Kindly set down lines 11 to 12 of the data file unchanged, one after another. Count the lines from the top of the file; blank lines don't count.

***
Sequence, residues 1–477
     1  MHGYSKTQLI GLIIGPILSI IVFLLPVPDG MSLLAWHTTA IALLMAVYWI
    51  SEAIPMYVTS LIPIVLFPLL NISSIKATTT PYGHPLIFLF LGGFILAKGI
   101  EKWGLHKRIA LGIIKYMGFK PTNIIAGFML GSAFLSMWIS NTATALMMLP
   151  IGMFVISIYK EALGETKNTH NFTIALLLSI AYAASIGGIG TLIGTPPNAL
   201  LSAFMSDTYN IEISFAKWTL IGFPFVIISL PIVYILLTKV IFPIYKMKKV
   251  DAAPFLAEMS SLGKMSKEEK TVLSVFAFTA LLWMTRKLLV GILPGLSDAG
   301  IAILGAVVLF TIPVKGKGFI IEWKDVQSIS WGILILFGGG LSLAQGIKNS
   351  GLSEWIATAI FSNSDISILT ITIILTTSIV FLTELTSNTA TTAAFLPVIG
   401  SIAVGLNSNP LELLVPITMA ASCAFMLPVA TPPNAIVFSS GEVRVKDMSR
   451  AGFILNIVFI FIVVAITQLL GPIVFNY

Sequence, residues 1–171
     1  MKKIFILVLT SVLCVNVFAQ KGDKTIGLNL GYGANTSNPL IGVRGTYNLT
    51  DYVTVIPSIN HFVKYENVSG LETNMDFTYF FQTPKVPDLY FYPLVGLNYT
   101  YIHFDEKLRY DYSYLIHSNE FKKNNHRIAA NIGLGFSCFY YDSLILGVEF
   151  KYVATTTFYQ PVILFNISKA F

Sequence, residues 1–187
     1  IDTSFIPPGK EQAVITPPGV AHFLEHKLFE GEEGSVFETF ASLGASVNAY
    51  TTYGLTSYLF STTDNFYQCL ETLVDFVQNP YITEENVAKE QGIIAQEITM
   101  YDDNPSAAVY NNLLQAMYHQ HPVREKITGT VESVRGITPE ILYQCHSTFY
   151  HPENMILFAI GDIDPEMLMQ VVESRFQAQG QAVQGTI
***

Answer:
   451  AGFILNIVFI FIVVAITQLL GPIVFNY

Sequence, residues 1–171